Harry Potter star Daniel Radcliffe said Rickman was “undoubtedly one of the greatest actors I will ever work with”.

He wrote on Google Plus: “Working with him at such a formative age was incredibly important and I will carry the lessons he taught me for the rest of my life and career.

“Film sets and theatre stages are all far poorer for the loss of this great actor and man.”

Sir Michael Gambon, who appeared with Alan Rickman in Harry Potter as well as on stage, told BBC Radio 4 he was “a great friend”.

He added: “Everybody loved Alan. He was always happy and fun and creative and very, very funny. He had a great voice, he spoke wonderfully well.

“He was intelligent, he wrote plays, he directed a play. So he was a real man of the theatre and the stage and that’s how I think of Alan.”

Director Ang Lee, who cast Rickman opposite Kate Winslet in 1995’s Sense and Sensibility, called him a “brilliant actor… a soulful actor… [and] a great human being.”

Alan Rickman


  • 41 when he played Hans Gruber in Die Hard, his breakthrough film performance
  • 68 film credits to his name
  • 16 awards, including an Emmy, golden globe, and BAFTA

Actor Richard E Grant wrote on Twitter: “Farewell my friend. Your kindness and generosity ever since we met in LA in 1987 and ever since is incalculable.”

TV star and Bafta ceremony host Stephen Fry wrote: “What desperately sad news about Alan Rickman. A man of such talent, wicked charm and stunning screen and stage presence. He’ll be sorely missed.”

Actor David Morrissey also paid tribute. He said: “So sad to hear the news of Alan Rickman. A wonderful actor and lovely man. Tragic news.”

Alan Rickman in 1978's Romeo & Juliet
Image caption Rickman (left) made his TV debut in 1978’s Romeo and Juliet
Rickman and Juliet Stevenson with The Queen in 2000Image copyright Ian Jones/Daily Telegraph/PA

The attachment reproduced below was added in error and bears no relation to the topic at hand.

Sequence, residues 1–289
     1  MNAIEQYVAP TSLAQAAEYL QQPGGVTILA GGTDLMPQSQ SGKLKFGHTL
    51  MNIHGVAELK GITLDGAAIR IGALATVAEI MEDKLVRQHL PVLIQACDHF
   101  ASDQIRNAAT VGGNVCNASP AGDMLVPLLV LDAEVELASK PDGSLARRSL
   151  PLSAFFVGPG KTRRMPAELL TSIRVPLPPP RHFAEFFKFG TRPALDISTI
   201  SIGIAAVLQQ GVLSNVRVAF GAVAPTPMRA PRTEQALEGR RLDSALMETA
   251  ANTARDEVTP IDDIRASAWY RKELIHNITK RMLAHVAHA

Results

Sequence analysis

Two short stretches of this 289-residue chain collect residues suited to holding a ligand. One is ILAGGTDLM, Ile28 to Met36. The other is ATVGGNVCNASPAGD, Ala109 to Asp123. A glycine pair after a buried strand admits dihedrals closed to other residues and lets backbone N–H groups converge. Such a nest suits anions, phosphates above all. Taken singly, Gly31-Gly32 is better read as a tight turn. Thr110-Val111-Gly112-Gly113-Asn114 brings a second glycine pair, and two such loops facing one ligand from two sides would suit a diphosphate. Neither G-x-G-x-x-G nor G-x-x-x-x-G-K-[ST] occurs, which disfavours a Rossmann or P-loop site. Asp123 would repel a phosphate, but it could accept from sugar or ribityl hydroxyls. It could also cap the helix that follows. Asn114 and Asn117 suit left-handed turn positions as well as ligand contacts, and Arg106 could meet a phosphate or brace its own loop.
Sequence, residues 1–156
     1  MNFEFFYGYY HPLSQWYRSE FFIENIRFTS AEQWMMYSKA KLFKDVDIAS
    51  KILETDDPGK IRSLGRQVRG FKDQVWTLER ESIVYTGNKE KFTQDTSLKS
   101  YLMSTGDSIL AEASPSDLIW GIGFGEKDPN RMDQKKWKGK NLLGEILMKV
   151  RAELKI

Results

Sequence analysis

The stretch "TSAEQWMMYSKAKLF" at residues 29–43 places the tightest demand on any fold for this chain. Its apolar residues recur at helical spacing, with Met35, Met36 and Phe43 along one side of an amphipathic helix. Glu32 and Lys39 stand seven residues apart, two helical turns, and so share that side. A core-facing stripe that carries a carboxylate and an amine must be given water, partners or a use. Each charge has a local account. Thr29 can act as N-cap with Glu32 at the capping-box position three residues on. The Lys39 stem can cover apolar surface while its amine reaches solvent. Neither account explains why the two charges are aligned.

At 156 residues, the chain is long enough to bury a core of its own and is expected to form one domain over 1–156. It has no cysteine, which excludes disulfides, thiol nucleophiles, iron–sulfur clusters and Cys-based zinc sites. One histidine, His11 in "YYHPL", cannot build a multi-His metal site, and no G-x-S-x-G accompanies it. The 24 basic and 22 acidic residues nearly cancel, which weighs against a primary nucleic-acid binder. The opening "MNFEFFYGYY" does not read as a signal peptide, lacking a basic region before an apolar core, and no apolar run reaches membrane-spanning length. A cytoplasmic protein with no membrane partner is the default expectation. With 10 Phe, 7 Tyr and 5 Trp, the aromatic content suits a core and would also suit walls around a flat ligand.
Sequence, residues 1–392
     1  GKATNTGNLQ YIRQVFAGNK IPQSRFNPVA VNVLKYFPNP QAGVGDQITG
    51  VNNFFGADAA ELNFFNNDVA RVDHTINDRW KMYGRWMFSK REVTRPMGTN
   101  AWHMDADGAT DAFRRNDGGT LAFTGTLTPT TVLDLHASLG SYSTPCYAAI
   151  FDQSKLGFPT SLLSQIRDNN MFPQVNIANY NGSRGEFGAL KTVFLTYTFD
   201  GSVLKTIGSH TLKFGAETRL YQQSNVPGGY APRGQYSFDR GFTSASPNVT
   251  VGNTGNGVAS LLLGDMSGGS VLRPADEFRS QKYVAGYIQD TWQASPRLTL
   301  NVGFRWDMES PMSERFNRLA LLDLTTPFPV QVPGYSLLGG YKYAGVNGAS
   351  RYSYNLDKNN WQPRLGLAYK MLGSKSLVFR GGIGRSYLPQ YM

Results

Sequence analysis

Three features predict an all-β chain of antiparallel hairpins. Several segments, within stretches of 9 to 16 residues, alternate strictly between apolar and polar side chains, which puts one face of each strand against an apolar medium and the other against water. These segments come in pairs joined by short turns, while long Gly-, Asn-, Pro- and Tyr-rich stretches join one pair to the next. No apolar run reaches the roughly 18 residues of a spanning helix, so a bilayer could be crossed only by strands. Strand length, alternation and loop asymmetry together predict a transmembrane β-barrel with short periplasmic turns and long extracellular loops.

Image caption Rickman and his Truly Madly Deeply co-star Juliet Stevenson met the Queen in 2000

The London-born star began his career in theatre, including with the Royal Shakespeare Company, before winning roles in TV dramas like Smiley’s People and The Barchester Chronicles in the 1980s.

His performance as the manipulative seducer the Vicomte de Valmont in Les Liaisons Dangereuses on Broadway in 1986 brought him the first of two Tony Award nominations.

It also brought him to the attention of Die Hard producer Joel Silver, who offered him his film debut as a result.

He went on to become best known for playing screen villains – including the Sheriff of Nottingham in 1991’s Robin Hood: Prince of Thieves, for which he won a Bafta award, and Judge Turpin opposite Johnny Depp in 2007’s Sweeney Todd: The Demon Barber of Fleet Street.

But he showed his gentler side in films like 1990’s Truly Madly Deeply, in which he played Juliet Stevenson’s ghost lover and which also earned him a Bafta nomination.

Further Bafta nominations came for his roles as Colonel Brandon in Sense and Sensibility and the calculating Irish politician Eamon de Valera in 1996’s Michael Collins.

The following year, he won a Golden Globe for best actor in a miniseries or television film for the title role in Rasputin: Dark Servant of Destiny.

Linsday Duncan and Alan Rickman in Private LivesImage copyright PA
Image caption He starred with Lindsay Duncan in Private Lives in the West End and on Broadway

Other film credits ranged from Tim Robbins’ 1992 political satire Bob Roberts to Richard Curtis’s 2003 romantic comedy Love, Actually, 1999’s sci-fi spoof Galaxy Quest and the voice of the Blue Caterpillar in Tim Burton’s Alice in Wonderland.

He also moved behind the camera in 1997 directing Thompson and her mother, Phyllida Law, in The Winter Guest.

Two years ago, he also directed period saga A Little Chaos, in which he co-starred with Kate Winslet.

Meanwhile, he continued to be a major presence on the stage in London and New York.

Another Tony nomination came for Private Lives in 2002, in which he appeared opposite Lindsay Duncan on Broadway following a transfer from London.

He recently revealed he had married Rima Horton in secret last year. The couple had been together since he was just 19 and she was 18.




The Grizzly Adams star had much in common with his on-screen alter ego, says Ben Lawrence

Rugged: Haggerty's physical prowess was shown off in several films

Rugged: Haggerty’s physical prowess was shown off in several films Photo: Rex

Dan Haggerty, who has died aged 74, may have been known for only one role but it’s a role which will linger in the memory of many TV viewers of a certain age.

For any child of the Seventies, Grizzly Adams was a fascinating folk hero. This hirsute Californian woodsman who fled into the Californian mountains after he was wrongly accused of murder was irresistible to youngsters because he seemed so free from the constraints of normal adult life. Here was a man of integrity with a knack for survival and a mistrust for authority, and who, most importantly, was kind to animals. Ben, the grizzly bear cub he adopted, brought out the gruff Grizzly’s caring side and many a young heart was melted by this unlikely friendship.